My initial “photo plan” on diving the F4D was to see if either wing was intact and, if so, get pictures of the shape of the wing since it is such a unique and iconic feature. Fortunately, one of the wings was intact enough to get those photos and then I started to move around and get additional pictures. These pictures were taken with the goal of a blog post and to document the wreck.
When you are at 200 feet deep, time moves both quick and slow. A few extra minutes can add up to exponentially to more decompression time but it also feels like sometimes time slows down.
I got the photos I wanted for documentation and the blog post but still had some time according to our pre-arranged dive plan of 5 minutes down and 20 minutes on the bottom.
Therefore, I started to think about taking enough pictures to build a 3D photogrammetry model and started to shoot away while moving slowly over the wreck.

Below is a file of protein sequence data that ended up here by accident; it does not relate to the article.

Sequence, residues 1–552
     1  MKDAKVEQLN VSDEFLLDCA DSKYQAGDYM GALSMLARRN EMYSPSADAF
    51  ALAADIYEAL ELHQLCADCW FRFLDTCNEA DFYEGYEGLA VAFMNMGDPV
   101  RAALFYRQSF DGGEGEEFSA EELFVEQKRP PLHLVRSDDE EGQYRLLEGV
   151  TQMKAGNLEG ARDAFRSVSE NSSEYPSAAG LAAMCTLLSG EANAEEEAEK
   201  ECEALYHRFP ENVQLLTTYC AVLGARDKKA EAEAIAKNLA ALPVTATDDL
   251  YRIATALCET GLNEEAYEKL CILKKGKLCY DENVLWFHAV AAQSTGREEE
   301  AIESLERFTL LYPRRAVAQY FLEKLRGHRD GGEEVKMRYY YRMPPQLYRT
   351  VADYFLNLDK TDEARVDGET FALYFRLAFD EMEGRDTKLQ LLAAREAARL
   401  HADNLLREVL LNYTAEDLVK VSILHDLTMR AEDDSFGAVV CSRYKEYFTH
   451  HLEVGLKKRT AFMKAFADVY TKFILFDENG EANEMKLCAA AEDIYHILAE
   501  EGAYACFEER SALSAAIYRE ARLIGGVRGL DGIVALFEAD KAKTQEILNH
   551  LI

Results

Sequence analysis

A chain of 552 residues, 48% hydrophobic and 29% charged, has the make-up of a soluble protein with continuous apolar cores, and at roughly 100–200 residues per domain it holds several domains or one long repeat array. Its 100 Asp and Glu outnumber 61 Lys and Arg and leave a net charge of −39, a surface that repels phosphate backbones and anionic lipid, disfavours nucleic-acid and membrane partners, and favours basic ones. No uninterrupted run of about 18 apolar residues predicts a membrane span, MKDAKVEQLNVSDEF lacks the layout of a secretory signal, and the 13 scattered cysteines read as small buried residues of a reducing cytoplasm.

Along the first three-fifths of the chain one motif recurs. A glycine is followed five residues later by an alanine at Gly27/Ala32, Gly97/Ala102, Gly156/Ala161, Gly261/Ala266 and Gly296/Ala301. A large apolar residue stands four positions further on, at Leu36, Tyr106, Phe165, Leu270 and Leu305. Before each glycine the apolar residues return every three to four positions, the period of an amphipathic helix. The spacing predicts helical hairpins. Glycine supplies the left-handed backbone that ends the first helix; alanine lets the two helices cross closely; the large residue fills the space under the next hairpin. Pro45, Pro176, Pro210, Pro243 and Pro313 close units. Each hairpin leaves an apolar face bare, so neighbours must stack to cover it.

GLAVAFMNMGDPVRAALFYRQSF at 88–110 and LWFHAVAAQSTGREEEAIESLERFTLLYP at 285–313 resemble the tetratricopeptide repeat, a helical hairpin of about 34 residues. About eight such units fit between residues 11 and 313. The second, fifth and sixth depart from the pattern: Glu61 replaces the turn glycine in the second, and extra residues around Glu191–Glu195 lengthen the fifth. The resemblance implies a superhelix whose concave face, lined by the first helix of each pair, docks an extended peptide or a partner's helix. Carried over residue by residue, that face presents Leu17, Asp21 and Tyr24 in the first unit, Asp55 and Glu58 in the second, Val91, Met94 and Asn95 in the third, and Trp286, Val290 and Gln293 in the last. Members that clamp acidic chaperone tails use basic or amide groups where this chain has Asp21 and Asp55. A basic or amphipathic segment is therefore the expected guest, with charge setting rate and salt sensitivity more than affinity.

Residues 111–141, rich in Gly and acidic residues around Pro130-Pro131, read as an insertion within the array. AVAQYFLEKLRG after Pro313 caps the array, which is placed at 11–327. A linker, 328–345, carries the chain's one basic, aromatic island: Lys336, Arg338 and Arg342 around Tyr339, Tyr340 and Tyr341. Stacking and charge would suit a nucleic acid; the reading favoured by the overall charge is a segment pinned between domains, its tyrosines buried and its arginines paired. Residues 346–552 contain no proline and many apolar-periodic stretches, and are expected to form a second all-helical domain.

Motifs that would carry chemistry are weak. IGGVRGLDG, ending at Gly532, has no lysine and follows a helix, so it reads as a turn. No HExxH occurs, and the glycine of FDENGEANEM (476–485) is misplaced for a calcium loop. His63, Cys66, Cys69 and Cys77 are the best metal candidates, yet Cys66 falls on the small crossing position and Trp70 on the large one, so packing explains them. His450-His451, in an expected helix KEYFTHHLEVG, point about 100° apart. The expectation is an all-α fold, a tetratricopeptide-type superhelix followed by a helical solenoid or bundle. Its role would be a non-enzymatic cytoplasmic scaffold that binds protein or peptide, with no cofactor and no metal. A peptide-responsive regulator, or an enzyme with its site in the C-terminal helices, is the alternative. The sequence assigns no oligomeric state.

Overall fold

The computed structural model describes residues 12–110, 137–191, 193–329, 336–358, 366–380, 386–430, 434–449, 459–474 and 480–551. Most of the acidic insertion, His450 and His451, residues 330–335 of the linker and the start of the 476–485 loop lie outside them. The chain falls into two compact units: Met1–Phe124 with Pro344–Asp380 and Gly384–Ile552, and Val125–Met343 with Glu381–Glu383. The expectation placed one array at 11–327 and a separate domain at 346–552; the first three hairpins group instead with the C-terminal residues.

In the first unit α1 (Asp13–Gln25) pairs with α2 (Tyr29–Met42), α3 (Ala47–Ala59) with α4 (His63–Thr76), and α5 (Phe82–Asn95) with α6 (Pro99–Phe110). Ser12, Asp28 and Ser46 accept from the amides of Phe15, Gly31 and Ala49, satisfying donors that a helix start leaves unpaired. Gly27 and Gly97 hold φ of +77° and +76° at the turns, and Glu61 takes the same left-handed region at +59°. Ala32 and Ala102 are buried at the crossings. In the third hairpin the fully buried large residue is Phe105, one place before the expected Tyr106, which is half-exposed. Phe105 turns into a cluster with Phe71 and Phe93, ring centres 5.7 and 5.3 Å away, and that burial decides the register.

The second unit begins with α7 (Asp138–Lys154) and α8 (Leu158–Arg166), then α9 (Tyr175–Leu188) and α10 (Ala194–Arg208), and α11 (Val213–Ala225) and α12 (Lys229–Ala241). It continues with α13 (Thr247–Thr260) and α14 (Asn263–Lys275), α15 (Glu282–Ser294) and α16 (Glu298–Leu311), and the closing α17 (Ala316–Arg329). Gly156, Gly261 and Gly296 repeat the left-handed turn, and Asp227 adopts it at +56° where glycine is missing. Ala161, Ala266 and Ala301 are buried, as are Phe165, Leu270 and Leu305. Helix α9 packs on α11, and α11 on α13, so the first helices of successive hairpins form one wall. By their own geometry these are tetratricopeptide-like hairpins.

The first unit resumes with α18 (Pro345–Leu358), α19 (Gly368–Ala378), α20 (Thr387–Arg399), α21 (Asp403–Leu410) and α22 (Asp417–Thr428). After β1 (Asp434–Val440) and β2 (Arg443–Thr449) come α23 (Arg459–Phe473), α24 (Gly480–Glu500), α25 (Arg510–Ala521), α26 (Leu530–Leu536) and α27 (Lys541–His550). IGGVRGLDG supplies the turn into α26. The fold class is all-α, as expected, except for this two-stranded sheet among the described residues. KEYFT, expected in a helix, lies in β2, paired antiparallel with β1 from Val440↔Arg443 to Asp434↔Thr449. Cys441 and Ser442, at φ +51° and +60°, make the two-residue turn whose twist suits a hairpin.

I got close, but not quite enough, to build a model of the entire site. However, I did get enough to build a model of the wing and the area around that including the landing gear.
Some lessons from this:
- On deeper dives, it is hard to complete, in a single dive, the “conflicting” goals of taking photos for both a blog post (i.e., composing photos) and for a photogrammetry model
- Either plan on a very long dive with a lot of deco OR pick one photo plan or the other
- You have very limited time on deeper dives and you need to commit to one or the other goal
- Building a 3D model of what is essentially a 2D wreck site is hard
- Tyler had a good idea: for “debris field” type wreck sites where there is very little height (or relief as we call it), think about building a mosaic instead which would be a 2D map of the site
Here are some screen captures of the model I built along with a link to the Sketchfab model that people can view.